Are you a Fat Buster? Do you avoid buying foods that are high in saturated fats and cholesterol? When you go grocery shopping, do you read “Nutrition Facts” panels for assistance in selecting healthy foods for your family? If so, I have great news for you! As of January 1, 2006, the FDA requires that manufacturers list the amount of trans fats on Nutrition Panels.
Why do you need to know this? The shocking truth is that trans fats have always lurked in our foods, unpublicized. Manufacturers make trans fat when they add hydrogen to vegetable oil — a process called hydrogenation that turns liquid oils into solid fats like shortening and hard margarine. Hydrogenation increases the shelf life and flavor stability of foods containing these fats. With no way to measure trans fats, careful shoppers like you and I have been buying foods laden with them.
Why should you care about trans fat? What harm does it do? Trans fat, like saturated fat and dietary cholesterol, raises the LDL cholesterol that increases your risk for coronary heart disease. Although saturated fat is the main dietary culprit that raises LDL, trans fat and dietary cholesterol also contribute significantly.
Why do health books recommend that we include fat in our diets if it’s so bad for us? When eaten in moderation, fat is important for proper growth, development, and maintenance of good health as it is a major source of energy for the body and aids in the absorption of vitamins A, D, E, and K as well as carotenoids. In addition, as any good cook knows, fat provides taste, consistency, and stability and helps give us that happy, full-tummy feeling.
However, there are “good” fats and “bad” ones, just as we have good and bad blood cholesterol. Saturated fat and trans fat raise LDL cholesterol levels in the blood, thereby increasing the risk of heart disease. Polyunsaturated fats and monounsaturated fats (such as olive oil, canola oil, soybean oil, and corn oil) do not raise LDL cholesterol and are beneficial when consumed in moderation.
In which foods does trans fat lurk? Mainly trans fats are found in vegetable shortenings, some margarines, crackers, cookies, snack foods, candies, salad dressings, baked goods, and other foods made with or fried in partially hydrogenated oils. You know . . . all your favorite foods.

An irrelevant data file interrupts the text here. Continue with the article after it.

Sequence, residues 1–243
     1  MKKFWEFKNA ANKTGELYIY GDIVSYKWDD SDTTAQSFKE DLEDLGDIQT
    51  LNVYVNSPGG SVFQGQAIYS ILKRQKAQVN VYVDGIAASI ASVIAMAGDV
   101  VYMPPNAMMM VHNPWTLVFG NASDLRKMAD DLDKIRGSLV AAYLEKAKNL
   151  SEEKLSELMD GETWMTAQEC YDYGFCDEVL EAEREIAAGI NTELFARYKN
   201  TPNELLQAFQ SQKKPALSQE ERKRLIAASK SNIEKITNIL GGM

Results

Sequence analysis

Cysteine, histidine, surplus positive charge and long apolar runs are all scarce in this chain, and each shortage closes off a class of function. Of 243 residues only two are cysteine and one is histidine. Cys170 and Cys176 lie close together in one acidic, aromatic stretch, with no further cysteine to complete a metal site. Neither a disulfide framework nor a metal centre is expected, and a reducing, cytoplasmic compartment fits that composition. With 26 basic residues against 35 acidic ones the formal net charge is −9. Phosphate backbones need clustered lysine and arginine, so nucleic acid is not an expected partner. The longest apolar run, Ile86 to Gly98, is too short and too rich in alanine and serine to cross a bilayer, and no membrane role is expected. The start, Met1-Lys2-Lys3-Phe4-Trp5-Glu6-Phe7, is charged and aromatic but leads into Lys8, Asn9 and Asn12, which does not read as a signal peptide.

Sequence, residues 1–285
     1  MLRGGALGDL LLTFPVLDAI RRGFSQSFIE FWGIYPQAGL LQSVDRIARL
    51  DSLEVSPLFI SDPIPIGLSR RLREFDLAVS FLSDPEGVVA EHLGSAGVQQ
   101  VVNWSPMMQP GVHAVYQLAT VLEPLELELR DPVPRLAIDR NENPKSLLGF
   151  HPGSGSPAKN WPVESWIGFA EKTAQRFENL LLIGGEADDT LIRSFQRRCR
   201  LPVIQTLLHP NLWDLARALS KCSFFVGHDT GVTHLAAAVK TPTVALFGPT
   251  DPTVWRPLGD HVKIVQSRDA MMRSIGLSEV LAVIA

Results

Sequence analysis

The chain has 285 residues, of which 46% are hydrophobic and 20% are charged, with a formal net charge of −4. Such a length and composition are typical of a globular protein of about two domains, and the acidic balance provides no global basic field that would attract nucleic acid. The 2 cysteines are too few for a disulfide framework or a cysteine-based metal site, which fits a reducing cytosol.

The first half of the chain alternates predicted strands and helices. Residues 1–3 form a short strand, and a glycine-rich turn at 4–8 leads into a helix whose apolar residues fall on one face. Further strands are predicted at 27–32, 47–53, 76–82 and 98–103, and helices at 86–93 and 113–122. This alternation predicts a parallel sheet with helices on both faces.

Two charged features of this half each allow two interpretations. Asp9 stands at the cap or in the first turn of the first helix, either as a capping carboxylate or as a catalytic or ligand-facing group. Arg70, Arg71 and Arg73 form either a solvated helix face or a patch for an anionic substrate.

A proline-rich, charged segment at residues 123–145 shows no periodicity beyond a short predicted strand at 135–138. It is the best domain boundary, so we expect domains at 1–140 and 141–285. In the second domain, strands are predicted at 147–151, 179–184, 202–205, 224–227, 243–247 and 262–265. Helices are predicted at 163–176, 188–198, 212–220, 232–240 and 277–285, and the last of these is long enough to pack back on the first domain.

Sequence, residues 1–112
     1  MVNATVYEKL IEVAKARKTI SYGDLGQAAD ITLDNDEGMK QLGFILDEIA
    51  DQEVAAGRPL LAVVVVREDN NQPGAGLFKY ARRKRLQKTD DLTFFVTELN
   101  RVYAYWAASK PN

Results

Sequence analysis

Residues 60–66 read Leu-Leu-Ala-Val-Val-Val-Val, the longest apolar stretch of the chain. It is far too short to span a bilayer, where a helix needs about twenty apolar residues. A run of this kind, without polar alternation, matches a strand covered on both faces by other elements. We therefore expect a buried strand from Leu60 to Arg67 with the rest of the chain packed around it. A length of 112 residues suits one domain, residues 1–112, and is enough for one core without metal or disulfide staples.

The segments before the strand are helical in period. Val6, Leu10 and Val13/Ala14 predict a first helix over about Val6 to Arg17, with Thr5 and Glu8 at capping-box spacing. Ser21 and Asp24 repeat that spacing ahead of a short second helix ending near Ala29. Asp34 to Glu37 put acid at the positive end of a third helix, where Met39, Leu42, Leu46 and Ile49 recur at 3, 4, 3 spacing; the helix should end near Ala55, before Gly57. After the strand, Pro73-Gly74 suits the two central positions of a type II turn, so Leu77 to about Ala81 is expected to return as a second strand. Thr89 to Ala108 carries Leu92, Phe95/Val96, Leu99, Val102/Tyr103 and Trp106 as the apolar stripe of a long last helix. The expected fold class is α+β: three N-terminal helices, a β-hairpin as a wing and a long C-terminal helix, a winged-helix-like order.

Even some dietary supplements like energy and nutrition bars contain trans fat from partially hydrogenated vegetable oil as well as saturated fat or cholesterol. Up until now, you had no way to identify the levels of trans fat in your foods, but now you are able to identify the amounts of all three fats in your foods.
When making food choices that will be low in saturated fat and cholesterol, remember that the combined totals of saturated and trans fats along with cholesterol should be low . . . 5% of the Daily Value or less is low and 20 % or more is high. I want to assure you that trans fats, although present in many of the foods we eat, are not “essential” to any healthy diet. . Numerous health and government authorities, including the U.
S. Surgeon General, the National Academy of Sciences, the American Heart Association and the American Dietetic Association, advocate reducing dietary fat to 30 percent or less of total calories.
If you are sadly crossing your favorite foods off your grocery list, you may be wondering what you can serve instead. Fear not, you still have a few good choices left:
• Monounsaturated and polyunsaturated fats do not raise LDL cholesterol levels and you can eat them, in moderation. Sources of monounsaturated fats include olive and canola oils. Natural vegetable oils (such as olive, canola, peanut, corn, soybean, safflower, and sunflower oils) have no trans fats and are high in good fats.
• Select alternative fats: olive, canola, soybean, corn, and sunflower oils, soft margarines, nuts and fish, lean meats and skinless poultry.
• Feel free to serve your family fish, as most fish are lower in saturated fats than meat. Some fish, such as mackerel, sardines, and salmon, contain omega-3 fatty acids help fight against heart disease.
• Serve a healthy, balanced diet with lots of fruits and vegetables, whole grain breads, cereals, and pastas, chicken and fish, non-fat or low-fat dairy products. If you cook at home, select lots of fruits and vegetables, whole grain breads, cereals, and pastas. Choose non-fat or low-fat dairy products and foods that have a low % of bad fats.
Cooking your own meals helps you better control the type and amount of fats you eat.
However, if eating out is one of the great joys of your life, don’t despair. You can still cut down on trans fats when eating out by eating less fast food and by asking before you order in a restaurant if they will cook your food in natural vegetable oils. If you choose wisely, avoiding fried foods, for example, you can eat out and still have healthy meals.
Avoiding trans fats does provide another benefit that I think you will enjoy! Fats are high in calories; 9 calories per gram, making fat the most concentrated source of calories. By comparison, carbohydrates and protein have only 4 calories per gram. Therefore, replacing harmful fats with healthy foods will naturally result in dropping a few pounds of “ugly fat” and reduce your tendency for health problems.
Now that manufacturers must reveal the presence of the ghostly trans fats on nutrition labels, become the “Fat Buster” for your family and enjoy the multiple benefits of healthier eating.